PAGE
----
In my memory my grandmother never much quit smoking cigarettes her whole life even though she ended up needing a breathing apparatus and assistance. She died of alcohol- and smoking-related complications but to my knowledge the family didn’t name it thus. You know, just a mystery stroke I guess. I got to be there for her death – myself, my husband, and the start of our own family: our four month old daughter. Many sorrows were ahead for my husband and I along the lines of our family inheritances, but at the time we didn’t know this.

My childhood experiences contain many hurtful memories, although in that family it was requisite we describe ourselves and our relations as “warm and loving”. Despite this mythology, I perceived I was only enjoyed and loved when I was being adorable – or a Good Girl, or both. I was told girls were supposed to be beautiful, and certain girls in the family were praised as such, and since I wasn’t, at least I knew where I stood on that count. At the same time I remember at a very early age believing there wasn’t any adult I could count on to choose me and my brother and our sense of safety, over their drinking and drugging. Since I was so little I was powerless to change any of this.

In addition to the drinking and drugging, which invoked a fair degree of fear as years went on, there was just daily life. The adults in my life changed, like chimera, during the day and as evening wore on. I rarely knew what was expected of me, only knew if I was meeting approval or not. One minute they’d be mostly tending to their work or the kids – or, as is more likely, ignoring us – the next they’d be overly sentimental, lachrymose, and effusive – or toxic and full of venom directed at little Me, their faces flushed and hardened into set-jaw choler beneath small angry eyes. My character defects and my errors, my objections to unfairness, any assertion of my own will counter to theirs, and my crudely-expressed desire to be treated with dignity was not ignored – it was punished. By age two the family called me “Little Hitler”, and later cited this as funny, good thing I straightened myself out, I was such a willful child.  Later an adult from this family would tell me it was okay for me to lash out against my own children. “They have to understand that you have feelings too.”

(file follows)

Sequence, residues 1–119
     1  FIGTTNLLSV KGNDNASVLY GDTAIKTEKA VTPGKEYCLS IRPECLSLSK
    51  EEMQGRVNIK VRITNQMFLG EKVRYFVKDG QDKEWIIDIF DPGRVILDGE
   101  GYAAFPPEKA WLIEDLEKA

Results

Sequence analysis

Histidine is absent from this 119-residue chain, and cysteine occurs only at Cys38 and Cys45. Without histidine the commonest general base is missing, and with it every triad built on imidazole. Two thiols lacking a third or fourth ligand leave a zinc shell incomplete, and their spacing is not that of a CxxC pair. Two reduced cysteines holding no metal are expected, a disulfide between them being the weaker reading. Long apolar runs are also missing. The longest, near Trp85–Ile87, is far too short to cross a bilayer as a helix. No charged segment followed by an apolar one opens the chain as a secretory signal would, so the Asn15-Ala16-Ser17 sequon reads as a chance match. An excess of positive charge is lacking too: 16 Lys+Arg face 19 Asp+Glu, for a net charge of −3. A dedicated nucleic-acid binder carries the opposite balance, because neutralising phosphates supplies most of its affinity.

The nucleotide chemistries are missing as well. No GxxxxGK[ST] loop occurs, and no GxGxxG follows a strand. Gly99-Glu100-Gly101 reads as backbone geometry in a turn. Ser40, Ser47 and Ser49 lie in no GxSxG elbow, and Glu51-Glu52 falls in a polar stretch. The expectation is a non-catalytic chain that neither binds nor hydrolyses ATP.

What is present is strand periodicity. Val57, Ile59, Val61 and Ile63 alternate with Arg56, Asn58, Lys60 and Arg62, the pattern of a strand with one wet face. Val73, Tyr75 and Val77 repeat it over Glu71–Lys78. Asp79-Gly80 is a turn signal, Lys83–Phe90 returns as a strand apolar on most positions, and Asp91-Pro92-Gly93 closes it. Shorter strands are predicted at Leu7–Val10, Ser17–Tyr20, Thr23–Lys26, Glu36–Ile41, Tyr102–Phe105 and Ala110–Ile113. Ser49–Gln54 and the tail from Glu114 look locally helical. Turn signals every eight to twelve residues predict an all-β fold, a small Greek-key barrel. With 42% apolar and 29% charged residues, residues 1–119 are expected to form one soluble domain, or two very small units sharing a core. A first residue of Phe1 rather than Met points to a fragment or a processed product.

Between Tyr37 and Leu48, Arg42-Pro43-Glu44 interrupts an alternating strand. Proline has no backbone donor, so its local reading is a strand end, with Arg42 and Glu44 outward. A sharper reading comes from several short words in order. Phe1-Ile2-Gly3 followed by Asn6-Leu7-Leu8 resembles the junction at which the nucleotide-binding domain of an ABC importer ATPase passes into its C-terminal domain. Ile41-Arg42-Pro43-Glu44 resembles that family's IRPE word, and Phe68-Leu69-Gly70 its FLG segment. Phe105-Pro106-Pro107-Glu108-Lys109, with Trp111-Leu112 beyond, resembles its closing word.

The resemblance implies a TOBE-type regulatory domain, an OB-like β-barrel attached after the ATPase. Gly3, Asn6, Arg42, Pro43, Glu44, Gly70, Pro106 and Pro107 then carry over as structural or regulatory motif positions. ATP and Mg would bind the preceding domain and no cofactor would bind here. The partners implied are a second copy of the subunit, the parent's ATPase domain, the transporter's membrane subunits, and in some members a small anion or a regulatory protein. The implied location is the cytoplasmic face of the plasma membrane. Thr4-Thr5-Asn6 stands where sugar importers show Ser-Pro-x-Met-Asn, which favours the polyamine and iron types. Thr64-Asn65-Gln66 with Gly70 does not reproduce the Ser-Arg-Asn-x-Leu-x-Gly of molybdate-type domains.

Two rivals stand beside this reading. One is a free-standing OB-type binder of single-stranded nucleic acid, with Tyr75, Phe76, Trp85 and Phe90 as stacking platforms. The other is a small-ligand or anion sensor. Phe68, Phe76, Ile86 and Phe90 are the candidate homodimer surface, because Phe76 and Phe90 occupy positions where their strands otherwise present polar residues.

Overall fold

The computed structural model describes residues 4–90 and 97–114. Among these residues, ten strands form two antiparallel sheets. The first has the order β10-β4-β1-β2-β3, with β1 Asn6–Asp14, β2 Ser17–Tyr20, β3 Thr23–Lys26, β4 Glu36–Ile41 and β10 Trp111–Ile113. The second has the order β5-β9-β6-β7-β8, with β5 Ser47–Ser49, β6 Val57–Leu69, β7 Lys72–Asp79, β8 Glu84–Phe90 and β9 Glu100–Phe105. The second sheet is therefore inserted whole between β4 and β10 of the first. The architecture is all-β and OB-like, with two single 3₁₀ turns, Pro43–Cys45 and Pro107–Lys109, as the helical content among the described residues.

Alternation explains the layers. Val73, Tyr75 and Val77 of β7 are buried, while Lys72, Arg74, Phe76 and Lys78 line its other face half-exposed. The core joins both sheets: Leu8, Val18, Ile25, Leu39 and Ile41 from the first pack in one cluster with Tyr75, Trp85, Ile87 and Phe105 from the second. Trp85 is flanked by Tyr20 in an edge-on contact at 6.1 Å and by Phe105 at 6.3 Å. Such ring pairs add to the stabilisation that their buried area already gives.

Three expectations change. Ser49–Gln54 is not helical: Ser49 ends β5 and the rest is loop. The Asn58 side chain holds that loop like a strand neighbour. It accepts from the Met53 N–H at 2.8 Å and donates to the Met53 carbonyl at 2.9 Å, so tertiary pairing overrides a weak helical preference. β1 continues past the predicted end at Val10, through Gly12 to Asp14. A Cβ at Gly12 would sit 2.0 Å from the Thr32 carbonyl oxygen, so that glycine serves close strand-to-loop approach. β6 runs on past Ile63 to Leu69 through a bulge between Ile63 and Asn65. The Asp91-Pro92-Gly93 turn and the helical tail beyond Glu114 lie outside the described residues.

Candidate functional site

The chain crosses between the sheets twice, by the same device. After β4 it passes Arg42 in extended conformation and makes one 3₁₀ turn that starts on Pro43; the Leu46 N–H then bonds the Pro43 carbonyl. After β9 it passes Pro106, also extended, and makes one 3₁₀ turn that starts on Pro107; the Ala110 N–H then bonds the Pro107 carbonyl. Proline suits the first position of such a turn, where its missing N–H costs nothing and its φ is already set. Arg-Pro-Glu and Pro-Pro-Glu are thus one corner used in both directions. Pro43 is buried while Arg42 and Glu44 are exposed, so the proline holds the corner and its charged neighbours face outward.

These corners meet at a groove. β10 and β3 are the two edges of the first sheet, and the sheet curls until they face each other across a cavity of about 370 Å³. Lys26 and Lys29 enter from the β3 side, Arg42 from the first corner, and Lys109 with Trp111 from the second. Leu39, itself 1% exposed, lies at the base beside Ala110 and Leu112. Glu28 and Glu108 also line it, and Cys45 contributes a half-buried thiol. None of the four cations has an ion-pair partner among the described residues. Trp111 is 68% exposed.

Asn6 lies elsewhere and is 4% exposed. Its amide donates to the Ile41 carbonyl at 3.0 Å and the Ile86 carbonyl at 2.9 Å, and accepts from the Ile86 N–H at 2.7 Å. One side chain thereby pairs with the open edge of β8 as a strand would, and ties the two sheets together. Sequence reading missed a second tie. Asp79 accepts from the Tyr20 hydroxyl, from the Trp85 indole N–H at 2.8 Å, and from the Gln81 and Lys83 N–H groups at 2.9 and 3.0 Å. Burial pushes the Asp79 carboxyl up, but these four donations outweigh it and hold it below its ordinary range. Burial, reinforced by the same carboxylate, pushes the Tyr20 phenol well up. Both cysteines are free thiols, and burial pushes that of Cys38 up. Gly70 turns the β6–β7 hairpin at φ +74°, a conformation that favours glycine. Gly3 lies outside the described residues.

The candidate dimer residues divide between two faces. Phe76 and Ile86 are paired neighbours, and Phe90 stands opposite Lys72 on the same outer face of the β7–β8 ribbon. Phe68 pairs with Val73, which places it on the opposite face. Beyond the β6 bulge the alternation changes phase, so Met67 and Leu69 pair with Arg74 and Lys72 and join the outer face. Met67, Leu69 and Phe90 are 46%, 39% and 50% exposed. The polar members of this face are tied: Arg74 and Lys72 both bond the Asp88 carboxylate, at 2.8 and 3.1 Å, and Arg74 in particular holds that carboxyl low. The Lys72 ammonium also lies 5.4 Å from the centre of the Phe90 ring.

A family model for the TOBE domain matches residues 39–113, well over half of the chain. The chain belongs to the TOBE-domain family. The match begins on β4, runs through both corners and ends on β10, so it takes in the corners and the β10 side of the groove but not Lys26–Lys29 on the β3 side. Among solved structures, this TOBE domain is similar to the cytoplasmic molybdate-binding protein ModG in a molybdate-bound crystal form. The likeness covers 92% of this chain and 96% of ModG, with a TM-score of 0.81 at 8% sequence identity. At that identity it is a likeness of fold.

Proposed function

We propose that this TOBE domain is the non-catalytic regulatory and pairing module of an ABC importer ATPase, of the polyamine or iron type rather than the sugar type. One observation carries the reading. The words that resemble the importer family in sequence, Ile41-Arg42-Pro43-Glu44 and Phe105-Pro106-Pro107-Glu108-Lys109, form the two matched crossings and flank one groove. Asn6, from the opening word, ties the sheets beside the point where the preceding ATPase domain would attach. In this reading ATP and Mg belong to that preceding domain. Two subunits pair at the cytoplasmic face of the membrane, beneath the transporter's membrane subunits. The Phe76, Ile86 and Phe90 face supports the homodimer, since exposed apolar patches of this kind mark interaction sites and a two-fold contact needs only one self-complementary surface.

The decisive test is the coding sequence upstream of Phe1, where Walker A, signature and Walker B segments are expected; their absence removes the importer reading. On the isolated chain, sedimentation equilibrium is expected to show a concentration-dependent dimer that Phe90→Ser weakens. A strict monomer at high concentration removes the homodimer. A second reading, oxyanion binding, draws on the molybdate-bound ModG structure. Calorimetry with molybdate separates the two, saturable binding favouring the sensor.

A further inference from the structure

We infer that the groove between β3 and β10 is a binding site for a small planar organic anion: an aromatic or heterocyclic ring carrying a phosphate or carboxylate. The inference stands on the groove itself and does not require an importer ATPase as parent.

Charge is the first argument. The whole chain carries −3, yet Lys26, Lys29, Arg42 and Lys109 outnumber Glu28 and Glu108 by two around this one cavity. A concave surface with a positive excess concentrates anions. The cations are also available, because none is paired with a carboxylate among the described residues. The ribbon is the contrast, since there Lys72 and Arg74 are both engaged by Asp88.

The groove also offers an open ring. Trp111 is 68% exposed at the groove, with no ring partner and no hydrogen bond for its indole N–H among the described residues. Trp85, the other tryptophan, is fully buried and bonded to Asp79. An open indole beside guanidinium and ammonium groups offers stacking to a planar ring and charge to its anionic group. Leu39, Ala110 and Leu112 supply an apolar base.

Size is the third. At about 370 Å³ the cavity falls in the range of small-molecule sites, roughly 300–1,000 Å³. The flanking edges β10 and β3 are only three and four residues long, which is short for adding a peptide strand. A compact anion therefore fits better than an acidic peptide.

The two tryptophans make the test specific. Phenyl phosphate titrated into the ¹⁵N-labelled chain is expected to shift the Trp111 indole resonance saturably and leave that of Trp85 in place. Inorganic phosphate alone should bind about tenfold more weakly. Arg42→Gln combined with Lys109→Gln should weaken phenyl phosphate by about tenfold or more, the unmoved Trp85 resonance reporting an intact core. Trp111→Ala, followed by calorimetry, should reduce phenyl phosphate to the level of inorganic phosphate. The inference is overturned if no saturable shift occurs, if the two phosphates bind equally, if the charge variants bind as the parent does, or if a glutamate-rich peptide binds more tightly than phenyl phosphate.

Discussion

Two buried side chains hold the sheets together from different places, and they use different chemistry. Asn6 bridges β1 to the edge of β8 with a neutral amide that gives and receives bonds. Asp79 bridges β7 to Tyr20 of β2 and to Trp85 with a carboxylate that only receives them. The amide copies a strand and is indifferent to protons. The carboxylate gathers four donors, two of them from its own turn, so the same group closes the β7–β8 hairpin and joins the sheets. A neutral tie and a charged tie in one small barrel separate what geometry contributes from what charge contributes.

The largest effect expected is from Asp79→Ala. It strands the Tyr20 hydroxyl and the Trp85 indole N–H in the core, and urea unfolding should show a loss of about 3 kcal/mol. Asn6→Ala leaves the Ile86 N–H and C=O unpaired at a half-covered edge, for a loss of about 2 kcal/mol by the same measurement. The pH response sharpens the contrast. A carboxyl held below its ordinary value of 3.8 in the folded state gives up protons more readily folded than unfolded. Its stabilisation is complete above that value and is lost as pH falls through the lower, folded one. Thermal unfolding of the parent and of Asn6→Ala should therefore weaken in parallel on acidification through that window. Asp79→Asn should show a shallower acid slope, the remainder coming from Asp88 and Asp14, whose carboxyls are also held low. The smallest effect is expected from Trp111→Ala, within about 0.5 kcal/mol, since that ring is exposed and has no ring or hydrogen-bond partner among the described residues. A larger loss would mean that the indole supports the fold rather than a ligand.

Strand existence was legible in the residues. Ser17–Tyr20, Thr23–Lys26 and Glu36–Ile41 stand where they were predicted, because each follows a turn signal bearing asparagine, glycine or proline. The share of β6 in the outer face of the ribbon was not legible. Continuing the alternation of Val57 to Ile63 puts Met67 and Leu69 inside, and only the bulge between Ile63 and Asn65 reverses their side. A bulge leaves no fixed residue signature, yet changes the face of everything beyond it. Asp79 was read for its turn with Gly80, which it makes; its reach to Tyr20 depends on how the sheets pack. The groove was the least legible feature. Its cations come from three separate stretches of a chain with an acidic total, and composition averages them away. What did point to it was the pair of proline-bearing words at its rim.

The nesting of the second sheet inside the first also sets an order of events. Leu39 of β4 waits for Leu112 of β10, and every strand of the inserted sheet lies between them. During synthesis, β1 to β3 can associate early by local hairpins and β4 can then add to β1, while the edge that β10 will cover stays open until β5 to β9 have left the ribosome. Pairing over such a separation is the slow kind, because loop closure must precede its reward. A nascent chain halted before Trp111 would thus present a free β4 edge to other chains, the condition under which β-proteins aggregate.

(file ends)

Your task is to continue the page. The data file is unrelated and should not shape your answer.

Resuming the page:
Oh, I made sure my kids understood I had feelings alright. Just the way I had done to me. As a mother I was Feelings ran rampant.

But, that was later – my own family.

Back to my childhood: relatively early in life I discovered I was capable at succeeding in school, and this performance placated these adults and put me in a category convenient for them. I wasn’t the beautiful one or the good one – I was the smart one.

I certainly wasn’t in a position to perceive that these people were sick and suffering in their own ways, and coped via chemicals and Authoritarian parenting and gastronomical excess et cetera, simply to manage their own pain, stress, confusion, depression, excitation, and suffering. They did the best they could with what they had. In this way my story is hardly unique, nor is my family.